It is important to note that the study upon which these results are based focused on residential and small commercial buildings. Buildings within the UC system are of a broad range of sizes, vintages, uses and energy intensities. Hence, the actual performance that could be expected for individual campuses may differ from the results presented in the figures, but it is likely they will be similar.
The savings outlined above derive from deploying GHP systems for individual buildings. However, much greater efficiencies, energy savings and emissions reductions are likely by scaling-up GHP technology so that multiple buildings on a campus or community are linked into local “district heating” systems. Such systems, deployed in Denmark and Iceland, have demonstrated cost and energy savings that would be significantly beyond those described above. By adapting the lessons learned from those international examples to the specific situations for each campus or community, it is likely the complex of UC campuses would quickly become a global model for maximizing energy savings and emissions reductions when applied to building heating and cooling.
GHP systems require expert design and intimate knowledge of local geological and climatic conditions. Hence, significant dedication would be required to obtain the knowledge base to support deployment of these systems. In addition, in order to realize the necessary benefits quickly, a quantitative inventory of campus buildings would be important to prioritize those for which retro-fitting and installing GHP systems would provide the greatest benefit in the shortest timeframe.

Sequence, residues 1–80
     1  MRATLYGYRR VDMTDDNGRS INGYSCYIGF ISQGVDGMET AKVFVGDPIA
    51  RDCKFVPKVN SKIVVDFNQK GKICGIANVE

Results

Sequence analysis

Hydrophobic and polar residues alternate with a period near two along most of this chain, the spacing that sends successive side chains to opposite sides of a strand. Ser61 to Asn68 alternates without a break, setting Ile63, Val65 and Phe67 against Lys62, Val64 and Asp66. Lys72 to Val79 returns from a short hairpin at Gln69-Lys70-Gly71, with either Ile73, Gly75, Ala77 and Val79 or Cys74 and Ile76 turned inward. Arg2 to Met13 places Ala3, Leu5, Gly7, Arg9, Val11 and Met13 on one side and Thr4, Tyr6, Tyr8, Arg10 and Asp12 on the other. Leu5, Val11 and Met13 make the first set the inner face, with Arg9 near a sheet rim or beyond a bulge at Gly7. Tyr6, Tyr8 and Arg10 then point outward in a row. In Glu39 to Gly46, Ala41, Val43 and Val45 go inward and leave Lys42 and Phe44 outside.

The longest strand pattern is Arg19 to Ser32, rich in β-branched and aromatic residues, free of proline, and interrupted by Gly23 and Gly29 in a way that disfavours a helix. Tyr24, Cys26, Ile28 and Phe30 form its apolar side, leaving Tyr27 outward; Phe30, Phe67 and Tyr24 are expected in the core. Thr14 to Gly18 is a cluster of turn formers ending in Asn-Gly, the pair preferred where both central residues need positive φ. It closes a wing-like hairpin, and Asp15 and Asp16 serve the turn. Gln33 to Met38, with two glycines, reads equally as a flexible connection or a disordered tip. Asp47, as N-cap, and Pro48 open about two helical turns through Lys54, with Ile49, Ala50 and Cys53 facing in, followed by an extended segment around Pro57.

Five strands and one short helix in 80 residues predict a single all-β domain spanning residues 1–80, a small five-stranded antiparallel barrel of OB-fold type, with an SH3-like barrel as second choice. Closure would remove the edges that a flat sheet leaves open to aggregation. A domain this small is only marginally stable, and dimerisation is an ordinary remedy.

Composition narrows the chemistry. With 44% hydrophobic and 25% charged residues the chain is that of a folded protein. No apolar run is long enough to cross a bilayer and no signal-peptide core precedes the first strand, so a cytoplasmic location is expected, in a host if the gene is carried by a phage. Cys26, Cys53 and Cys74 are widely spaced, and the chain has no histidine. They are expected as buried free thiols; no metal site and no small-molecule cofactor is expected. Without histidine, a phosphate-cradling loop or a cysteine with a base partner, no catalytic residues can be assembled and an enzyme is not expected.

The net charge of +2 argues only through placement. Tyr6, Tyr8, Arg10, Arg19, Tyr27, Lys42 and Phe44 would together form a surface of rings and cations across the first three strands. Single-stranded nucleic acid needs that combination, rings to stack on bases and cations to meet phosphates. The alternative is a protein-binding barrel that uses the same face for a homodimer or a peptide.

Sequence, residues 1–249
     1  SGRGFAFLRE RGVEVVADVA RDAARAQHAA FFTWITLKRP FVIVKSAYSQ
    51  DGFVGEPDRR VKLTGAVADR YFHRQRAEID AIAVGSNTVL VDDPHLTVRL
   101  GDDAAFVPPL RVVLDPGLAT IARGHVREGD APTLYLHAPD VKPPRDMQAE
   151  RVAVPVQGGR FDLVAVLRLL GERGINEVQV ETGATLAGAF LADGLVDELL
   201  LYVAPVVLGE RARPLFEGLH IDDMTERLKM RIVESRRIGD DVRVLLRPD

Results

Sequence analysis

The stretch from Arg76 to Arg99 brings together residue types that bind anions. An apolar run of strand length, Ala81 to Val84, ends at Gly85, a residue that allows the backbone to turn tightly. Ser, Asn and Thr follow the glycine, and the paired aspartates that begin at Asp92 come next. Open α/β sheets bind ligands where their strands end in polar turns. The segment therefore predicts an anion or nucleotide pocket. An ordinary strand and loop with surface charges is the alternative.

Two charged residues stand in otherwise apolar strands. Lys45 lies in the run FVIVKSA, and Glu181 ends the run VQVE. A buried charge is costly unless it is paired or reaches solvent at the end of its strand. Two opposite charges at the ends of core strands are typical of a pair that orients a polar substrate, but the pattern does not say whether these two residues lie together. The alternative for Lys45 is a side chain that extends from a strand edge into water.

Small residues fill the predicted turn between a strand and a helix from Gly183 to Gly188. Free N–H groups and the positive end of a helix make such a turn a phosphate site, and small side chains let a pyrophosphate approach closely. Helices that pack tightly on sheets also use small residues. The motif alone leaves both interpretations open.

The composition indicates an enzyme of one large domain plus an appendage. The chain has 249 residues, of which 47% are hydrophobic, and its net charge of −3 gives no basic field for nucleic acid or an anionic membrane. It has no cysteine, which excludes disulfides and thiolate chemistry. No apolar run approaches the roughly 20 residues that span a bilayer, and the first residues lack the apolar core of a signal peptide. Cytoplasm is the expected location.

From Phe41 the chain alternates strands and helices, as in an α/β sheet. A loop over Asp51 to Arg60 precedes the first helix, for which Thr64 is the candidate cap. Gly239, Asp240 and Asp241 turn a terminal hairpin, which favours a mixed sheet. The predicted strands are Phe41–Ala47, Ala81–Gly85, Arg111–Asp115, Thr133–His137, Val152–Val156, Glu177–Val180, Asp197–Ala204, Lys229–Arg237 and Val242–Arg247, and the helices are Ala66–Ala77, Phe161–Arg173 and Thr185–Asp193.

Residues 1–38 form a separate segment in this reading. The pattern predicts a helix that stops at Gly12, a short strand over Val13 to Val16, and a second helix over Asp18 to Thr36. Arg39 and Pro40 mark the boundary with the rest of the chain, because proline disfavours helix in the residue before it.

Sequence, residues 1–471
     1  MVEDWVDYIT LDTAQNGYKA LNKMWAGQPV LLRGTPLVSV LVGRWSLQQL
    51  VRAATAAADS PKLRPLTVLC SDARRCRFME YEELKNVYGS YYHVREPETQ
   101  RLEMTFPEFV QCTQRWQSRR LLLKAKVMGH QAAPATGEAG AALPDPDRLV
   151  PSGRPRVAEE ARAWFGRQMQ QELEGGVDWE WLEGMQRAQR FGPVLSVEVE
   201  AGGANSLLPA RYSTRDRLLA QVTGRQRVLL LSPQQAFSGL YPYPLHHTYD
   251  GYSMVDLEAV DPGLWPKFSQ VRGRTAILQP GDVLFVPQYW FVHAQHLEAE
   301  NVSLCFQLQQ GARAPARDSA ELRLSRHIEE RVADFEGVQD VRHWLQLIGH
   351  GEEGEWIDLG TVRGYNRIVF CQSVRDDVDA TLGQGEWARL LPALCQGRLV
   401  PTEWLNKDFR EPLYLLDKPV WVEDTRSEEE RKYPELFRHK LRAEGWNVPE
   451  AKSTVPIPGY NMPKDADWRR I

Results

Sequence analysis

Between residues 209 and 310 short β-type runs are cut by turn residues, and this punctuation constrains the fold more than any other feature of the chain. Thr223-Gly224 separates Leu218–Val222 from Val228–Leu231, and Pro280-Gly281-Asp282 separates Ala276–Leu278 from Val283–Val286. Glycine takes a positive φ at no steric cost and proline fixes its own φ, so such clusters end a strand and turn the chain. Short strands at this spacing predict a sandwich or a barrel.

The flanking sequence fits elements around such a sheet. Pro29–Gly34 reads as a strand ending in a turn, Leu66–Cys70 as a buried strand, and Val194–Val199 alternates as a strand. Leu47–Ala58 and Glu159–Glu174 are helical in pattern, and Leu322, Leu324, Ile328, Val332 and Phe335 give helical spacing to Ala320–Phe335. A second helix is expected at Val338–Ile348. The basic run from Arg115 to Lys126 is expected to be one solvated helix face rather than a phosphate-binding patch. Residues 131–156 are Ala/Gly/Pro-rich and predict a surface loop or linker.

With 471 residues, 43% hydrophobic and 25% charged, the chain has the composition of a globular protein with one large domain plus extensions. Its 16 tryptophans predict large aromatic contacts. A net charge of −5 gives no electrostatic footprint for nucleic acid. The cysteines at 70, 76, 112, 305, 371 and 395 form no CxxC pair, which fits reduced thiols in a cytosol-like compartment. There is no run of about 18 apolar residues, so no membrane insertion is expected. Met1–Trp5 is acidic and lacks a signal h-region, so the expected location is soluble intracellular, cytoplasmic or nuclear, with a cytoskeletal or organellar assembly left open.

Separate from the technological issues is the fact that GHP systems require drilling. Although the drilling technology that is utilized for water wells and for which best practices and protocols are well established, many parts of the state are not familiar with GHP systems and technology, and confuse the drilling practices with those used for oil and gas or geothermal power generation. As a result, inappropriate regulatory hurdles are mistakenly imposed by local regulatory bodies. Hence, it would be important to openly and transparently engage local jurisdictions early on, as an educational and outreach effort, to avoid unnecessary permitting delays.
Deploying GHP systems throughout the UC campus complex for HVAC purposes has the potential to provide energy savings and emissions reductions of at least 50%. Technological developments that are possible with these systems are likely to realize much greater benefits in the near future. Provided deployment of these systems is undertaken with due attention given to a few key challenges, conventional heat pump systems could be a critical component in providing the UC system and the State of California with the ability to quickly meet its emissions reduction and energy sustainability goals. Likely future technology developments, along with innovative coupling of renewable technologies could enhance these benefits dramatically.
Scott Samuelsen, UC Irvine